As you already know, VS2013 introduced a new ASP.NET project creation experience that closely integrates with Azure AD – allowing you to provision an entry for your application right at project creation time, without the need to visit the portal.

Projects created through that experience implement their identity functionality with Windows Identity Foundation. WIF is great- it is the technology that brought claims-based identity from its obscure origin to the preferred way of securing access to cloud and in general remote resources –  it is fully supported and it will remain supported in lockstep with the .NET Framework in which it lives. Now that we introduced a simpler claims identity programming model in Katana, however, it does feel a bit dated!
The VS tools did not really have any alternative to WIF – when the new ASP.NET project creation experience originally shipped, our support for WS-Federation and OpenId Connect in form of OWIN middleware wasn’t around yet. In fact, it reached GA less than one month ago!

As we move forward, you can expect the simpler model to replace the WIF codebase in the templates as well; but in the meanwhile, I know that a lot of you would like to make the jump already today and convert projects created and provisioned with VS2013 from WIF to OWIN. The good news is that as long as you are willing to do some light handiwork, it is quite easy to do.

In this post I’ll tell you about one quick & dirty way of doing that, meant to be used right after you created the project. If you developed the project further, this trick won’t help you: the migration is still possible, but it would require more work to identify and eliminate the moving parts needed by WIF but no longer required by the new OWIN middleware. Let me know in the comments if many of you are in that situation, and I’ll write a new post with all the details.

Step 1 – Create a Web App with VS2013

You have seen this tons of times already, but I’ll add the sequence again just in case.

Create a new ASP.NET project.


You’ll get the usual One ASP.NET dialog.


Choose MVC and click Change Authentication.


Choose Organizational Account, enter the domain of your Azure AD tenant you want to provision the app to, and click OK.


You’ll get the classic ADAL dialog that prompts you for your Azure AD credentials, so that VS can reach out to your directory and create the app entry on your behalf. Note: the dialog is so long because I have an awesomely big monitor Smile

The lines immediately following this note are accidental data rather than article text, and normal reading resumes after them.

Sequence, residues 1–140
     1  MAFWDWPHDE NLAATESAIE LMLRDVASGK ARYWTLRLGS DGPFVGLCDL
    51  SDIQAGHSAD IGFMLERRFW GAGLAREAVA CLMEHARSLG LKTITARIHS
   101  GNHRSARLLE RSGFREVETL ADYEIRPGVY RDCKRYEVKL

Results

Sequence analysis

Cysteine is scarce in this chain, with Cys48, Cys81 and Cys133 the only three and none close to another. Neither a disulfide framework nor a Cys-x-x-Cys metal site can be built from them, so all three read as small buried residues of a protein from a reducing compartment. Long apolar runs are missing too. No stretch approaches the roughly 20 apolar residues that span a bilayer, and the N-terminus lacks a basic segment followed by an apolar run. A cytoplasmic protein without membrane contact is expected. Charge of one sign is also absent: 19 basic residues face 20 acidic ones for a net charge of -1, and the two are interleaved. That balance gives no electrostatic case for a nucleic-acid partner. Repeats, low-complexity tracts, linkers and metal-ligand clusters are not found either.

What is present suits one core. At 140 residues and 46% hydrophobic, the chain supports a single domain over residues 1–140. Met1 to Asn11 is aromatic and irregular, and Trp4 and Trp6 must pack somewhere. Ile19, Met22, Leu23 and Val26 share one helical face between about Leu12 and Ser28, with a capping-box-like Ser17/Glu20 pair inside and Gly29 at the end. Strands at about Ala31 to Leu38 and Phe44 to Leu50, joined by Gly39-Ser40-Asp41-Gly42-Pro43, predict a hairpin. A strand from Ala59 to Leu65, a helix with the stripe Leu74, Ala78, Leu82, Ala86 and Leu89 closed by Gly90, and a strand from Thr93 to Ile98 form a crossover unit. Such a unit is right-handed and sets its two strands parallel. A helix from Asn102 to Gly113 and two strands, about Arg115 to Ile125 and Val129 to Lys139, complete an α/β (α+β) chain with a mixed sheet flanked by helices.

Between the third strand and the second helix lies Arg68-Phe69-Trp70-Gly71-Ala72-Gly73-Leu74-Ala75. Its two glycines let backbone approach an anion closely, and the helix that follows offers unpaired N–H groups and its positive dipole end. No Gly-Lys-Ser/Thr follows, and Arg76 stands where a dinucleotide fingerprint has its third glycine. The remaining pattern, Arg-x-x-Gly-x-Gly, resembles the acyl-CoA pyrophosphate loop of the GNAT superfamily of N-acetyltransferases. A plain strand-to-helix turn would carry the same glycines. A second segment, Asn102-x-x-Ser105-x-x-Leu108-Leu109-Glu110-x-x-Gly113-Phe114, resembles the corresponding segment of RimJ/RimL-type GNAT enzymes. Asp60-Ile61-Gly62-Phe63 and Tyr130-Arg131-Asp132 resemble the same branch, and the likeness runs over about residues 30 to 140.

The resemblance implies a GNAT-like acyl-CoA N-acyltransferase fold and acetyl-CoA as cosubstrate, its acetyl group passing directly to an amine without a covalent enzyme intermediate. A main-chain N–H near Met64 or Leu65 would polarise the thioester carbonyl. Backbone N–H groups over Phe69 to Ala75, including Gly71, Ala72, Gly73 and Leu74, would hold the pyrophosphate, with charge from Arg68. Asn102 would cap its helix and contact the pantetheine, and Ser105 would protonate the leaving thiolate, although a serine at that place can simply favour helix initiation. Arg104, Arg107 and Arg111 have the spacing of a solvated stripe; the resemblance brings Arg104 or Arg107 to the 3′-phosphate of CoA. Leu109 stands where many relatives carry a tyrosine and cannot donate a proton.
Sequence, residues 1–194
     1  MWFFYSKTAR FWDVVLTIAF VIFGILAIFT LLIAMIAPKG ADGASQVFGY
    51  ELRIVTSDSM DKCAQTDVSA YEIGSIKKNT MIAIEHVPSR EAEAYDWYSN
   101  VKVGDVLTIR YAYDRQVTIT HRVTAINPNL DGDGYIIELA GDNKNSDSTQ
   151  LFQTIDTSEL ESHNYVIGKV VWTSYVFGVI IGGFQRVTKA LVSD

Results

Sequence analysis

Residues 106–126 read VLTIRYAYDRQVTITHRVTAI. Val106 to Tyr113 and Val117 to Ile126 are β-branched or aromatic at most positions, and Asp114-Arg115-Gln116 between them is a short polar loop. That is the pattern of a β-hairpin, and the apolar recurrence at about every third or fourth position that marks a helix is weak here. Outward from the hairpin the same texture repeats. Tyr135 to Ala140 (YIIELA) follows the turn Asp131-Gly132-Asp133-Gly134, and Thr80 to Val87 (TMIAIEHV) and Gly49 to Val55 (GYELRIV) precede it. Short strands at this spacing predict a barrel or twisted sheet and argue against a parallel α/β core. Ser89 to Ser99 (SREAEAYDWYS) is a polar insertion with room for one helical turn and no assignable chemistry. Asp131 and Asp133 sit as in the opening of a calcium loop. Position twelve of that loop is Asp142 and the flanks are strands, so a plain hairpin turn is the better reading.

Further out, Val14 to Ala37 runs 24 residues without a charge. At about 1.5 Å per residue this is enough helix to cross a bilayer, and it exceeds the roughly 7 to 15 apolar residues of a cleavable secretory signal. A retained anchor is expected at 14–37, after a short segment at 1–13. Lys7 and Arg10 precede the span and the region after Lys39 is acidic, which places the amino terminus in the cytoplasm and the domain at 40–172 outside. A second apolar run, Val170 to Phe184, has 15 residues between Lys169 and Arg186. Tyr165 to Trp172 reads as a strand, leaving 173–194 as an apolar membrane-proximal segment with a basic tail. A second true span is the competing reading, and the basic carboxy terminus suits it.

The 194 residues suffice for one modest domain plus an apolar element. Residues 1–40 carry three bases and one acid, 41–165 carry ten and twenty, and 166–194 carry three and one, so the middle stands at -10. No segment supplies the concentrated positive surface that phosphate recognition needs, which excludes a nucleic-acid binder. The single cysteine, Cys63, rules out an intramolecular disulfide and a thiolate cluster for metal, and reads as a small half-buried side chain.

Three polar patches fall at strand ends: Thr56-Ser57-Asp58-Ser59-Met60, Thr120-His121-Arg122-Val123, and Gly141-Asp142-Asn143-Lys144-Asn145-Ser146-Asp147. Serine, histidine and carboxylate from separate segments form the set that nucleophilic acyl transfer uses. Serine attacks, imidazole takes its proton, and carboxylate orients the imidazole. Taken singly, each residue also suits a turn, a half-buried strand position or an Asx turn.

Click OK again. VS will generate your project and will create an entry for it in your Azure AD tenant.

The Application’s Coordinates

The project creation logic generates a lot of moving parts that contribute to the identity functionality. We are going to ignore most of those, given that the OWIN middleware does not need them, and stay laser focused on the few info we do need.

We need to find the coordinates that were used to create the application’s entry in Azure AD, given that those values will be what we need to use when creating protocols request at authentication time – no matter which development stack we use.

We’ll find most of what we need in the web.config file. Open it, then find the appSettings element.

    <add key="webpages:Version" value="" />
    <add key="webpages:Enabled" value="false" />
    <add key="ClientValidationEnabled" value="true" />
    <add key="UnobtrusiveJavaScriptEnabled" value="true" />
    <add key="ida:FederationMetadataLocation" 
      value="" />
    <add key="ida:Realm" value="" />
    <add key="ida:AudienceUri" value="" />

The highlighted part is what we need.
Realm indicates the identifies assigned to the app for WS-Federation flows.
FederationMetadataLocation is the endpoint from which Azure AD publishes the tenant’s issuer coordinates. Technically, for this tutorial all you need is the tenant portion (in this case but in the general case (e.g. any WS-Federation provider, as opposed to just Azure AD) you would need the entire metadata address.

Save those values somewhere, I usally just whip them in a notepad window.

Note: Those handy appSettings values are inserted by the ASP.NET project configurator logic; however, here there’s a trick that will work with ANY web app using WIF regardless of how it was configured. If you scroll a bit further, you’ll find the <wsFederation> element.

 <wsFederation passiveRedirectEnabled="true"
   requireHttps="true" />

This is the element that is actually picked up by WIF at authentication time. The realm value is the same as the above. The issuer value indicates the endpoint of the STS you want to connect with; this is not as good as having the address of the metadata, but provides a great starting point given that you can usually get to it by goofing around with the base URL of the STS endpoint and append “FederationMetadata/2007-06/FederationMetadata.xml” to it to find the true metadata location.